Watery within this graveled world,
translucent almost,
thinner than the air,
we move as rarer than our monuments
which we can occupy or not
however crude or well we shaped them;
feeling frail amid solidity
and pinned down by the names which,
large enough to run in an environment,
are points too dot-ephemeral
to pin the powered nowhereness
our talent operates from,
we agree, like entities leaped out from story pages,
to sit, assuming body styles,
disrobed from our invisibility,
with lightnings folded like mosquito's wings
polite in company.

by Bob Hart

Friday, August 15, 2014

Reading at Booktique

Waiting for a friend, I walked into The Cathay, in Singapore, and stumbled upon Booktique, the pop-up bookstore owned and run by the inimitable Anthony Koh Waugh, who promptly invited me to read at the closing party of his present shop. So I did last night, and sold six more copies of my Pillow Book. Zed Yeo read next from his collection of hybrid writing, Unapologetically Insane Tales, the first Singapore book to be produced through crowdfunding. Zed was a very engaging storyteller. It was fun to see shoppers popping into the shop to hear me and Zed read, and to speak with many writers unfamiliar to me. Anthony is a great supporter of writers. After a well-deserved break, he will set up shop in another location. Do watch out for the next iteration of Booktique, the writers' bookshop.






Launch of Japanese/English Edition of "The Pillow Book" in Singapore

Thanks, everyone, for coming out to the book launch on Wednesday. It was lovely to see so many familiar faces, and quite a few new ones too. Thank you, William Phuan and Aliah Ali from The Arts House, for hosting the event in such a professional and helpful manner. Thank you, my publishers Matthew Chozick, Keisuke Tsubono and Midori Ohmuro, for flying all the way from Tokyo to lend a touch of glamor to the event. Thank you, Keisuke, for reading so beautifully in Japanese. Thank you, Chong Li-Chuan, for your musical piece, which touches the surface and sounds the depths, an aim shared by my little book. Thank you, my parents Robert Koh and Susan Cheong, for coming to the event, and for getting the Bengawan Solo kueh-kueh (they were much heavier than we expected). Thank you, my love Guy Humphrey, for your support and encouragement. You always step in when help is needed. I read this extract last night for us. Happy birthday, dear.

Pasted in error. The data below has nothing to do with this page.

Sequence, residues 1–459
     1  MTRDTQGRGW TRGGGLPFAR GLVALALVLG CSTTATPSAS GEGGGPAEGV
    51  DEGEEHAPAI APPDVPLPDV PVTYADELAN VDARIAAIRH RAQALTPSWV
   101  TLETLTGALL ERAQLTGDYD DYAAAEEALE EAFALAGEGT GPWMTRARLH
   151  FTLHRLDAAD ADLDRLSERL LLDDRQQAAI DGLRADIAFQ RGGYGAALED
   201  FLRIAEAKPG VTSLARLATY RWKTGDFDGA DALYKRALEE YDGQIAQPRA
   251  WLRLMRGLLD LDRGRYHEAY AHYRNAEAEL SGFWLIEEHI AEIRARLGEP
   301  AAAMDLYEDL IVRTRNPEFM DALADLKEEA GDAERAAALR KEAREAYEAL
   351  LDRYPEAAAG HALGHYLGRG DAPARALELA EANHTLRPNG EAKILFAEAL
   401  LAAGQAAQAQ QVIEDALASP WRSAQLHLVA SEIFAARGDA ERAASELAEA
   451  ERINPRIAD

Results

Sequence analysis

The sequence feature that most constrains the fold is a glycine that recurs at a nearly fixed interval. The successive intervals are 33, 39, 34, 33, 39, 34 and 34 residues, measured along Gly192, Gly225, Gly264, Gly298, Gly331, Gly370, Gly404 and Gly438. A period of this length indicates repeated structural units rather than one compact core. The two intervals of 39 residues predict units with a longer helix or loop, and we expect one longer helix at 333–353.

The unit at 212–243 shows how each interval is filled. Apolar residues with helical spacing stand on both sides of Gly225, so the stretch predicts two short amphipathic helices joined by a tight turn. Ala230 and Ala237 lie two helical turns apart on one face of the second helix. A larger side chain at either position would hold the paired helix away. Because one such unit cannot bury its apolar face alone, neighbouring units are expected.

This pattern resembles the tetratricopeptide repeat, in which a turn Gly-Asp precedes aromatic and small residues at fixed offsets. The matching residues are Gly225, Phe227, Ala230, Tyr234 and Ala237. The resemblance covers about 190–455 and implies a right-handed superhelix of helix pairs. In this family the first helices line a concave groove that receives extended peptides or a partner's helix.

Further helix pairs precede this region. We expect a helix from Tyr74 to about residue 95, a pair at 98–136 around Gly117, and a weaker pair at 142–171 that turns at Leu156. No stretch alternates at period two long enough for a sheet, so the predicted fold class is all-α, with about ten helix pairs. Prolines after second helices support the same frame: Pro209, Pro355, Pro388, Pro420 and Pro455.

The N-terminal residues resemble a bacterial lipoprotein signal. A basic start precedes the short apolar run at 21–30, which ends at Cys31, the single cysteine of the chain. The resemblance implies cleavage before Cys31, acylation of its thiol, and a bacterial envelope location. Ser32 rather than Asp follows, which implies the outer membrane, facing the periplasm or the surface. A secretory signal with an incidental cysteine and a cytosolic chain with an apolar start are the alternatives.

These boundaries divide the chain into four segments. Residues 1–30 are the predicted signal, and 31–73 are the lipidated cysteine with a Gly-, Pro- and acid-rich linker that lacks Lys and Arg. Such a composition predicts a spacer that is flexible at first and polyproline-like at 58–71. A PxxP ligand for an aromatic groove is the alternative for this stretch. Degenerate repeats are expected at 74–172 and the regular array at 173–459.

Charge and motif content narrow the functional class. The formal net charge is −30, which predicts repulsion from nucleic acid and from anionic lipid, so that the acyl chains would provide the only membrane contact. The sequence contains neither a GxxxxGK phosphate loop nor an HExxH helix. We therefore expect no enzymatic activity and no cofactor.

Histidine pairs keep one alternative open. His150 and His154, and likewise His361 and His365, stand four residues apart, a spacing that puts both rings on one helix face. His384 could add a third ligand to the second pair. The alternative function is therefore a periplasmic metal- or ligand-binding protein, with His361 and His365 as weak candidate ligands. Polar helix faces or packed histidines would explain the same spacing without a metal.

If the tree were blooming, a close examination would show that it puts out two kinds of flowers, bigger pinks with nine pistils, and smaller whites with single pistils. The explanation for this miracle is that the camellia is not one tree but two. Growing at first side by side, they became so entwined through the years that they are now indistinguishable from each other. Voluptuaries of the sun and rain, they have fused into one in their joint pursuit of essential needs, outliving the generations of monks that tended them, displaying every year the hue of youth.










Sunday, August 03, 2014

Book Launch in Tokyo

Of all the readings that I've done, yesterday's book launch at Tokyo's Editory stands out for its combination of charm, warmth and sincerity. It was a special delight to meet Mariko Hirasawa, who illustrated my Pillow Book. Mariko, thank you for expressing so well the feelings that you received from the work. You spoke with wonderful animation during the interview. Matthew Chozick, a writer cannot ask for a better publisher. You are always so respectful and enthusiastic. Midori, you touched me when you remembered "Kimiko" from the book, having read the collection three times. Keisuke, I look forward to reading again with you at the launch in Singapore on August 13, and in New York in November. Thank you for introducing me to your loved ones and friends. I am honored to call you my friends.





You can purchase the book here.